Navigating through storm of confusion
Date: Thursday , December 04, 2008
On Church Street, in the heart of Bangalore (India's Silicon Valley), restaurants used to be packed during lunch hours. All those have changed in the last few months. A stroll on the Church Street during lunch hours will present you the reality of the impact of the current downturn.
"It appears the global community is stunned by the scale and scope of the meltdown. Many who believed Indian economy was insulated were proved wrong. All of us will be affected and we need to invent ways to cope up with the change," says P Ravindranath, Director Public Affairs, HP India.
The India technology leaders have tried to undermine the impact of the current global economic crisis. They believe that growth will not be impacted. The shock is certainly visible among the companies in the west. "Several companies have still not planned any IT budget for next year. This is reflected in the Indian companies lowering the guidance they had given earlier. It will be a tough year ahead," laments NRK Raman, Managing Director & CEO of Oracle Financial Services Software (earlier ifex).
However, projecting a different scene in the industry, Sham Banerji, Director of Corporate Business at Texas Instruments India says, "There are four million broadband connections in India today. It is hard to imagine the rest of India will not log on. Hence, the potential of India as a market has not changed. We look at India as a growth prospect. At times like this we look at opportunities of growth. The 'when' may have changed, but fundamentals haven't changed," he said in an optimistic tone. Asserting the positive side, Sanjeev Sinha, Managing Director of Siemens Information Systems (SISL) believes that most Indian businesses were still cash rich and this is the time companies should be shopping (buying). "Indian companies wanting to go global should go out and buy the skills and the market access. This is an opportunity that needs to be grabbed," he says.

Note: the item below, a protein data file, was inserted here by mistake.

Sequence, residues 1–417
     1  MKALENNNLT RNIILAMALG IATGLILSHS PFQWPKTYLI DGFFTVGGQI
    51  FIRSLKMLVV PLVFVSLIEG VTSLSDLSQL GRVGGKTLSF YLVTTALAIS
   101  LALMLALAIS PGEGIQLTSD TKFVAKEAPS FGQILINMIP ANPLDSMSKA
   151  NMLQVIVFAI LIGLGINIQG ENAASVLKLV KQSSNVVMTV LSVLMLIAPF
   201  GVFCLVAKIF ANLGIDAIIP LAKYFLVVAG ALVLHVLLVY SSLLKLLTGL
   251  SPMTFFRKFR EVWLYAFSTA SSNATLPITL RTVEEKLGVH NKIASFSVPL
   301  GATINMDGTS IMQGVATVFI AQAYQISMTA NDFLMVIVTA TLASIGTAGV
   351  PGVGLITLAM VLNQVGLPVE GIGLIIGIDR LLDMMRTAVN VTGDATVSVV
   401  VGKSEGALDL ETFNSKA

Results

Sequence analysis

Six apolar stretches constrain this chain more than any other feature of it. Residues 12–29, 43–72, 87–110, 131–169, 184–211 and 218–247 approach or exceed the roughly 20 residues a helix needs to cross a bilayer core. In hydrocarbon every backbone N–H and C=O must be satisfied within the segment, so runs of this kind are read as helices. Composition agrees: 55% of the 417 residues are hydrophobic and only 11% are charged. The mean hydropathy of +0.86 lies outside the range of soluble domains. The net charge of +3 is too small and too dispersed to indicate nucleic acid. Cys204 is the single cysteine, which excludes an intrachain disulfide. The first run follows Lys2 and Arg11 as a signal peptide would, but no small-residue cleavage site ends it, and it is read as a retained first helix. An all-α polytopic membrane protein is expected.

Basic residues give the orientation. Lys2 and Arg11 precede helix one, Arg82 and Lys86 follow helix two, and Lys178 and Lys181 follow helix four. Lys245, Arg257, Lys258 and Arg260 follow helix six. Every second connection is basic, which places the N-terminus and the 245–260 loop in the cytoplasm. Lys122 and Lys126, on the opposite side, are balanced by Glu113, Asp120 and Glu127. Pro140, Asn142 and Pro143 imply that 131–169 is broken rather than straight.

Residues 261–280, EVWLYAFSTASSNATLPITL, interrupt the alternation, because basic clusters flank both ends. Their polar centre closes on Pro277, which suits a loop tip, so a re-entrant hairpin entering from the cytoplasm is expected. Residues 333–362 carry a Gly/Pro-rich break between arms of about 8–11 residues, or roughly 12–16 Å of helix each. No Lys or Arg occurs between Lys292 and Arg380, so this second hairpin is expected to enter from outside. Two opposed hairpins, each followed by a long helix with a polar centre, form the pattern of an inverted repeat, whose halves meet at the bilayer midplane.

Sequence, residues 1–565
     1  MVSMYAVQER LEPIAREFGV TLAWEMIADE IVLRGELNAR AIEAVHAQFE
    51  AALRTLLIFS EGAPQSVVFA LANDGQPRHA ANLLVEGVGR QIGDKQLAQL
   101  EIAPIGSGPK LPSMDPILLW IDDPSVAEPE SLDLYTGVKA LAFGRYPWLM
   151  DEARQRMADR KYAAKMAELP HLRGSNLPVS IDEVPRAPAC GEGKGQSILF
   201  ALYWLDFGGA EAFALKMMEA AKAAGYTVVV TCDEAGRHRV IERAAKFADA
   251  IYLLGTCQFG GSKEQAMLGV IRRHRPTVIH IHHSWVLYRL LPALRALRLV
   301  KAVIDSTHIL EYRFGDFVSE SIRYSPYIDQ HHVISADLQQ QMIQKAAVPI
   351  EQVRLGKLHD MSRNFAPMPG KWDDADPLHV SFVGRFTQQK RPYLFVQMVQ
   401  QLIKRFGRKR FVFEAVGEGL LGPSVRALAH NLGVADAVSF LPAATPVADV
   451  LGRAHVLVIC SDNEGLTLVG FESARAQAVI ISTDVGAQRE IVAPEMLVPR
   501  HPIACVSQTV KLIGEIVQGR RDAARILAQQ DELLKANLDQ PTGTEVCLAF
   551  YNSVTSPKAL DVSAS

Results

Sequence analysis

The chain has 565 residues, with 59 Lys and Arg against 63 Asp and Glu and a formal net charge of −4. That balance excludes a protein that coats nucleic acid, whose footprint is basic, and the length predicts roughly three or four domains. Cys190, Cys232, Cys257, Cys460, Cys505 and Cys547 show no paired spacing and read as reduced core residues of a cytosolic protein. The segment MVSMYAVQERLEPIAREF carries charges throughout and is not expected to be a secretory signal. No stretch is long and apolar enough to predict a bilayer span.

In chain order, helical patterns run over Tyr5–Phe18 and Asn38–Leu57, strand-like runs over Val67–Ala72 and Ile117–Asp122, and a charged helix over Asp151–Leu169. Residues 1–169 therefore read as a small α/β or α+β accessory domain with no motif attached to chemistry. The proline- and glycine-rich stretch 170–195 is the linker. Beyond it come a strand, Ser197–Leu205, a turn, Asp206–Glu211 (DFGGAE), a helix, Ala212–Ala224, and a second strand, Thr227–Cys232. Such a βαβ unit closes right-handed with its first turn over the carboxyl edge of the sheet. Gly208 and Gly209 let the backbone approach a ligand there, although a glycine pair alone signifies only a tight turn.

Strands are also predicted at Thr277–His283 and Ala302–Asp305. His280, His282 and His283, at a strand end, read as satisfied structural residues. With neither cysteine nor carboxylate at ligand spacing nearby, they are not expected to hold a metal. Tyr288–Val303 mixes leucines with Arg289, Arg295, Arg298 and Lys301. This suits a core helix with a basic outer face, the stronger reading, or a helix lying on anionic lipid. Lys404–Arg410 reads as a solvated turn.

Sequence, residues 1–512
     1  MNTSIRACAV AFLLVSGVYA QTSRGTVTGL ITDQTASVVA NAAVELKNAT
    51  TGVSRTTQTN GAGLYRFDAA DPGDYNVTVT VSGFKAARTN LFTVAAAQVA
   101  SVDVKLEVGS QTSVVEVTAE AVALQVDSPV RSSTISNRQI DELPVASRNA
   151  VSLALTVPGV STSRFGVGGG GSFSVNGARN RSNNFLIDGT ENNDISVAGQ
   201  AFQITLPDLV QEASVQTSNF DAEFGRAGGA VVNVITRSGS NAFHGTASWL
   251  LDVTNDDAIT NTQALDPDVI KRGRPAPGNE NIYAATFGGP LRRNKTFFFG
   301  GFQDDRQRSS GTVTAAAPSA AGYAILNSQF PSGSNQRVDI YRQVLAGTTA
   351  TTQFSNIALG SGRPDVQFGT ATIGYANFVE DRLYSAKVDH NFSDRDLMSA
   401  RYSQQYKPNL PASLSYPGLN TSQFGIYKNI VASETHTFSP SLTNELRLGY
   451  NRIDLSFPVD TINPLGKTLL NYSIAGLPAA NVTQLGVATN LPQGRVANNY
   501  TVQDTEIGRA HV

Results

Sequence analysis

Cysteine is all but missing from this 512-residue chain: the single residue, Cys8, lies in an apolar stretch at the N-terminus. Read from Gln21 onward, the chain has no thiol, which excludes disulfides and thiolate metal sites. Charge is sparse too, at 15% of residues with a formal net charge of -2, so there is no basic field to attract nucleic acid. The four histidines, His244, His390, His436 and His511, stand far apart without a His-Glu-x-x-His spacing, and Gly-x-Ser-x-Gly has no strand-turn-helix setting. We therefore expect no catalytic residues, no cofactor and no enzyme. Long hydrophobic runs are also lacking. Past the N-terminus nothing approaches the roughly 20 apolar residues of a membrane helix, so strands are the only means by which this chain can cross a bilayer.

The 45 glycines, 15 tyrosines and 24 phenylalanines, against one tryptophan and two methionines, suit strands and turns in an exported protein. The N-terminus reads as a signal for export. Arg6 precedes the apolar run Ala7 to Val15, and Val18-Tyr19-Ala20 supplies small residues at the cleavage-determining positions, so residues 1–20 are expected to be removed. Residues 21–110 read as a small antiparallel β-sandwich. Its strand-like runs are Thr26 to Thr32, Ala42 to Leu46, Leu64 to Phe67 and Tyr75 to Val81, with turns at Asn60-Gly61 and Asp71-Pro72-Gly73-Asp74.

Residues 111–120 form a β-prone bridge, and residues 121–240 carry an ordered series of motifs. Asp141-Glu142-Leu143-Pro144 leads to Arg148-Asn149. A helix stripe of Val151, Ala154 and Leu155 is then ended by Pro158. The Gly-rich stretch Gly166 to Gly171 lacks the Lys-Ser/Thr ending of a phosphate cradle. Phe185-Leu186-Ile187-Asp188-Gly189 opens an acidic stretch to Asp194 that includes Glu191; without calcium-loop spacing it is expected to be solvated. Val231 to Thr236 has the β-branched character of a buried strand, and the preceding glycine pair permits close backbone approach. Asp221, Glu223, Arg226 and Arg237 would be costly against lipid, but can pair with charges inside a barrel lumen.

Rajan Anandan, Managing Director of Microsoft India has a different view point. "If one were to look at the corporate performance of Fortune1000 companies over a period of 30 years, they out-invested by a factor of three to five against the competition during the downturns. When markets recovered, companies outperformed. If you need to be an out-performer you need to out-invest," he notes.
Vivek Mansingh, Country Manager, Dell India R&D reminds that all emerging markets, including India, are growing. "In a country where eight million phones are added a month, there are plenty of product opportunities. SMBs in the emerging markets don't have applications. There is a begging for product development for this segment," he says.
Dasaradha Gude, Managing Director, AMD India struck a chord with the audience when he touched upon the social dimension of the issue. "There are several fresh graduates in the market who have been given offer letter but put on hold for now. The fate of these students is uncertain. There are thousands of students in engineering colleges still pursuing their course. They are worried about their future. How do we save these people? If the problem is left unaddressed, we are headed for a disaster," he cautions.